theaters and morphisms of global (respectively, panalocal) Galois-theaters. Thus, it
follows immediately from the denitions that we obtain a natural panalocalization
functor
Th

Th

which is essentially surjective.


(v) Let {F, M, 'G} [cf. the notation of Denition 3.1, (i)]. If = F,
then let

def
= ; if = F, then let

def
= 'G; if

= , then a superscript

will be used to denote the operation of groupication of a monoid [i.e., gp];


if

= , then a superscript

will be used to denote the identity operation


[i.e., may be ignored]. If Ob(EA

), then let us write M

() for the object of

, equipped with a continuous action by , determined by k


NF
() [if

= F],
k

NF
() [if

= 'G], equipped with the discrete topology; if v V(), then let


us write M

(, v) for the object of , equipped with a continuous action by the


decomposition group
v
of v, determined by k
NF
(, v) [if

= F], k

NF
(, v)
118 SHINICHI MOCHIZUKI
[if

= 'G], O

k
NF
(,v)
[if

= M]. A global -pair is dened to be a collection


of data
M

def
= (V

, M

, {
v
}
vV
, {(
v
M
v
)}
vV
non
, {(X
v

. M
v
)}
vV
arc
)
where
V

= ( V

, {
v
}
vV
non
, {(X
v
,
v
,
v
)}
vV
arc
)
is a global Galois-theater; V = V
non

V
arc
; M

Ob(

), which we shall refer


to as the global arithmetic datum of M

, is equipped with a continuous action by


; for each v V
non
, (
v
M
v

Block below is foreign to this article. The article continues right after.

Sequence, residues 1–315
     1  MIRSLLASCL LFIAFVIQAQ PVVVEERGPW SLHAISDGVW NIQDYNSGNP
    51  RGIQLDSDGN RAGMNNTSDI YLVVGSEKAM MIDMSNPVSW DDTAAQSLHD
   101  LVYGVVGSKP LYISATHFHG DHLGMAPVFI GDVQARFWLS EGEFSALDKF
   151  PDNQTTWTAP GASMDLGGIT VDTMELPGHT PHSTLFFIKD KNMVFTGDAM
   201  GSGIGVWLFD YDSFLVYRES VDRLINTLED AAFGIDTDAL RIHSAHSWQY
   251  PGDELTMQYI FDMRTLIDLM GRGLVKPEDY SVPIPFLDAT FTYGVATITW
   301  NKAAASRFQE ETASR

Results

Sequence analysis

) is an MLF-Galois -pair with Galois group
given by
v
; for each v V
arc
, (X
v

. M
v
) is an Aut-holomorphic -pair with
structure-orbispace given by X
v
; for each v V ,
v
: M

v
is a [re-
striction] morphism in

such that, relative to some reference isomorphism

V
: V

()

V

for V

as in (iii), there exist isomorphisms [in

, , respec-
tively]

: M

()

M

; {
v
: M

(, v)

M
v
}
vV
which we shall refer to as reference [iso]morphisms for M

that satisfy the


following conditions: (a)

is -equivariant; (b) for v V


non
,
v
is
v
-equivariant;
(c) for v V
arc
, the composite of
v
with the Kummer structure of (X
v

. M
v
)
is compatible with
v
; (d)

, {
v
}
vV
are compatible with the {
v
}
vV
, relative
to the natural restriction morphisms
v
() : M

() M

(, v)

. In this
situation, if = F, then we shall refer to the pronite -module

Z
(M

)
def
= Hom(/Z, M

)
[which is isomorphic to

Z] as the cyclotome associated to this global -pair and
write
/Z
(M

)
def
=
Z
(M

) /Z. A morphism of global -pairs


: (V

1
,M

1
, {
v
1
}, {((
1
)
v
1
(M
1
)
v
1
)}, {((X
1
)
v
1

. (M
1
)
v
1
)})
(V

2
, M

2
, {
v
2
}, {((
2
)
v
2
(M
2
)
v
2
)}, {((X
2
)
v
2

. (M
2
)
v
2
)})
is dened to consist of a morphism of global Galois-theaters
V
: V

1
V

2
,
together with an isomorphism

: M

2
of

, and isomorphisms
v
1
:
(M
1
)
v
1

(M
2
)
v
2
[where V
1
v
1
v
2
V
2
] in , that satisfy the following
compatibility conditions: (a)

is equivariant with respect to the open immersion

1

2
arising from
V
; (b) for v
1
V
non
1
, the isomorphism
v
1
is compatible
with the actions of (
1
)
v
1
, (
2
)
v
2
, relative to the open immersion (
1
)
v
1
(
2
)
v
2
induced by
V
; (c) for v
1
V
arc
1
, the isomorphism
v
1
is compatible with the
Kummer structures of ((X
1
)
v
1

. (M
1
)
v
1
), ((X
2
)
v
2

. (M
2
)
v
2
), relative to the iso-
morphism (X
1
)
v
1

(X
2
)
v
2
induced by
V
; (d)

, {
v
1
}
v
1
V
1
are compatible
with the {
v
1
}
v
1
V
1
, {
v
2
}
v
2
V
2
.
(vi) In the notation of (v), a panalocal -pair is dened to be a collection of
data
M

def
= (V

, {(
v
M
v
)}
vV
non, {(X
v

. M
v
)}
vV
arc )
TOPICS IN ABSOLUTE ANABELIAN GEOMETRY III 119
where V

= (V

, {
v
}
vV
non, {X
v
}
vV
arc ) is a panalocal Galois-theater; for each
v V
non
, (
v
M
v